… Elton [Gunden, one of Lois’ brothers], how is the class of ’43 upholding its basketball tradition? And you must be quite busy with the Maple Leaf [Goshen College yearbook] by now! I guess this is one year of life at Goshen College about which my knowledge will be nil or nearly so. …

… our battle against head lice is constant. Each new convoy of children from the camp is immediately combed with a fine comb. If a boy has a nice number of them, off go his hair. If it is a girl, her hair is cut quite short. …

… The day’s experience [of handing out powdered milk at the schools to children] really meant a lot to me, for it helped me realize that even though our efforts at relief work are somewhat limited, every little bit that we can do is greatly appreciated. …In July, large numbers of Jews in France were rounded up and eventually deported to the infamous Auschwitz concentration camp in Poland.

It seems in these changed circumstances that Mary Elmes, an Irish Quaker aid worker colleague in nearby Perpignan for whom Lois had great respect, wanted to ensure that Jewish children at risk of deportation would be sheltered with reliably protective caregivers. Mary probably wasn’t certain how Lois would respond to these new realities.

JULY 17, 1942 (DIARY)
… [Mary Elmes] wants me to take children from town; can’t figure out why she doesn’t want to give us camp children; may be that it is in order to get them to go to Vernet that she informs them that there are no possibilities of coming here; … I decided to try to take into my hands the selecting of children …

AUG. 9, 1942 (DIARY)
… Mary informed me about return of Polish and German Jews to Poland where death by starvation awaits them …

AUG. 10, 1942 (DIARY)
… when I got back to colony found a little boy crying – asking for his barrack and for the Secours Suisse [Swiss Aid to children, organization assisting at the refugee camp]; Miss Elmes had brought us three Jewish boys in an attempt to save them when their parents leave; had quite some time quieting the poor little fellow; but finally his sobs died down …

Tiny tots table at Villa

About every two weeks, a group of three to seven children returned to the camp, and a similar number arrived at the children’s villa. By February 1942, many of the Spanish refugees were being freed from the camp, and children were leaving the villa to join them. The newcomers to the villa from the camp included an increasing number of German, Polish and other Western European Jews. Many of these families had fled from persecution and took refuge in France for several years before becoming entangled in the anti- Jewish laws of Vichy France, which in many respects were even more repressive than those of Germany.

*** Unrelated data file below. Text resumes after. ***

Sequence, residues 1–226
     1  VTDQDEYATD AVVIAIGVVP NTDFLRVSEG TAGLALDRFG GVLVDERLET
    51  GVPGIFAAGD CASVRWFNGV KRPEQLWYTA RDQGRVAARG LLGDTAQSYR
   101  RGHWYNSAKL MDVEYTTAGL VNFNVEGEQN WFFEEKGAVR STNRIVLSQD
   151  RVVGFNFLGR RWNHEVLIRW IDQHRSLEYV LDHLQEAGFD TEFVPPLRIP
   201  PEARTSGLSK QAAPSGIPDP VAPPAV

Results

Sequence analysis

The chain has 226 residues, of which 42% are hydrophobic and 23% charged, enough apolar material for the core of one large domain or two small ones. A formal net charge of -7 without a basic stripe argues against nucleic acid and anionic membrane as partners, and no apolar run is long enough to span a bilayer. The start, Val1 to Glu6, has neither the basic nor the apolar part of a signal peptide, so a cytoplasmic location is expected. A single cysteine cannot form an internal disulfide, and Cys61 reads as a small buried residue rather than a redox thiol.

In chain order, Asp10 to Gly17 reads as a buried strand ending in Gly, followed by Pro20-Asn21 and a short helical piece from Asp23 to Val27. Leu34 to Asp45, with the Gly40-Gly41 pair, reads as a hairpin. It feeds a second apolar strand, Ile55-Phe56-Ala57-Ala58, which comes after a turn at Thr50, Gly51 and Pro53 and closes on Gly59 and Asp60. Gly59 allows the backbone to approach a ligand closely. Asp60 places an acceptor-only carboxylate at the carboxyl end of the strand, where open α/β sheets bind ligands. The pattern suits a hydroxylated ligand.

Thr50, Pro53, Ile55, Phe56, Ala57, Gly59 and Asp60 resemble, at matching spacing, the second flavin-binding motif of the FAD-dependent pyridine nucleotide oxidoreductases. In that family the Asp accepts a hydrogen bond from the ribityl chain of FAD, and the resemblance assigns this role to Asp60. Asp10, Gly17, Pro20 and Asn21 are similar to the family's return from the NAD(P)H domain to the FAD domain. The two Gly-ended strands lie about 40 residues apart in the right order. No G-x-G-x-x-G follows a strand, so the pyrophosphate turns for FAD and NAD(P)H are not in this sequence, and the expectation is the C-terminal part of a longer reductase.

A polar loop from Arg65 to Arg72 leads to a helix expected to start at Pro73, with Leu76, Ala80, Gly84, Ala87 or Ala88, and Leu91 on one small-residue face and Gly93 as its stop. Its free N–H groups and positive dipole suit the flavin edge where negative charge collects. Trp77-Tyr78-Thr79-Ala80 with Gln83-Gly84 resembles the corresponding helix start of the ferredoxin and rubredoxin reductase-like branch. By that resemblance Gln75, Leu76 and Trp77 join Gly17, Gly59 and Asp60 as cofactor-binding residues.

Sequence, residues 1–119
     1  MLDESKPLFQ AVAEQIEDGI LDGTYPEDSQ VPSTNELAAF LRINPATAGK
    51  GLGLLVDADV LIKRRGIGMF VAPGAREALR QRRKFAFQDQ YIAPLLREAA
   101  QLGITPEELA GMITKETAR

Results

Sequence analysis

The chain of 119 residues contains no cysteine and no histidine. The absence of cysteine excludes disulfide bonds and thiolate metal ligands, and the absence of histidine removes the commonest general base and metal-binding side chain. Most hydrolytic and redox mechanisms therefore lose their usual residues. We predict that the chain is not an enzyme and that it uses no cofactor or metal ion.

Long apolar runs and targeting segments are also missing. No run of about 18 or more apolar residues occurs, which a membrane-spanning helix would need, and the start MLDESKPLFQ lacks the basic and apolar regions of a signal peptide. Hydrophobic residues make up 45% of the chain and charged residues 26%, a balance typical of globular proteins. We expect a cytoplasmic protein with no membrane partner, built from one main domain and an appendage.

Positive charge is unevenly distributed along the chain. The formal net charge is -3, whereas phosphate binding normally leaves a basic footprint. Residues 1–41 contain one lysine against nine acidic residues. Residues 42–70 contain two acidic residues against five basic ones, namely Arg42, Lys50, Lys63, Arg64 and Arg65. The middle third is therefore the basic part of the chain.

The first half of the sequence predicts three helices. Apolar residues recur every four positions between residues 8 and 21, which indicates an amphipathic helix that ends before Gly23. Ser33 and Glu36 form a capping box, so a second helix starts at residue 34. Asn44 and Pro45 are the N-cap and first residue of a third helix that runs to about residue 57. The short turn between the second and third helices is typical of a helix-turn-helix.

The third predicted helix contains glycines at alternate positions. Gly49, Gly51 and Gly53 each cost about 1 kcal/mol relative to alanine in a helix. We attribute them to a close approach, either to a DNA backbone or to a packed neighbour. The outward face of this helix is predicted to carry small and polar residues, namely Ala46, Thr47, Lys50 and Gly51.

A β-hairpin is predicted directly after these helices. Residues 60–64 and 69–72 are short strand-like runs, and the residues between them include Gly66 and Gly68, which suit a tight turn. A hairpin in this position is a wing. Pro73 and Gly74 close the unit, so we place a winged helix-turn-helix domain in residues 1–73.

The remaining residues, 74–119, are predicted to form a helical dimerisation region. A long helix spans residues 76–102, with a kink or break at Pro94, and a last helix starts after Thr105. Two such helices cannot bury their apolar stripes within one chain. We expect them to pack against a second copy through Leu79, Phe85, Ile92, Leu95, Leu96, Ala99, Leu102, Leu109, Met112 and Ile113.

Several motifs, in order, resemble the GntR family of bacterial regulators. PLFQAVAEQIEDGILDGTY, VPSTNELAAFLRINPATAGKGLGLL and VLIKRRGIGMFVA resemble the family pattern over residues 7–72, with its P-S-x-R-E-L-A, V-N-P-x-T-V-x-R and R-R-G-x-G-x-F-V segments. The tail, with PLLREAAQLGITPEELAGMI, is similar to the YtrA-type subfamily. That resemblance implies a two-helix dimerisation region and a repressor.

AUG. 11, 1942 (DIARY)
…While we were eating supper Miss Elmes brought seven Jewish children – some of whom can’t speak French; [Isidore] Mussoles cooked some extra macaroni; quelle comedie pour les laver en lavabo! [what a comedy to wash them in the washbasin] Les garçons ne voulaient pas enlever leurs culottes [The boys didn’t want to take off their pants] …

Parents would have repeatedly warned their circumcised sons not to take off their pants in front of others, in order to hide their status as Jews.

AUG. 11, 1942 (LETTER HOME)
… every morning, the housewife gets up early in order to get as near the head of the line as possible for anything she may be able to get in the way of fresh fruits or vegetables for the day. She must spend hours in order to get the little bit that she can have. …

Food shortages were a chronic problem for even those who had ration cards, a situation that exacerbated local French resentment toward refugees.

AUG. 12, 1942 (DIARY)
… it is disgusting the way the Spaniards are often decried by the French, and yet today those very ones say how much better it is to have Spanish children [at the villa]; yet it is children from the camp [now mostly Jewish children] who interest us most.

AUG. 20, 1942 (LETTER HOME)
Two more of our big girls who had been at the colony for a year or so left last week. When Isabelle arrived last summer the doctor didn’t feel as if she had much of a chance; she was nothing but skin and bones and often had fever when she was tired. … But you should have seen her when she left! During the year she filled out and blossomed into real sixteen-year-old beauty, even to the extent of rosy cheeks. … Since most of the cases are not so extreme one thinks at times that the results of our relief work are rather intangible in the main – at discouraging moments one wonders if he is really accomplishing very much.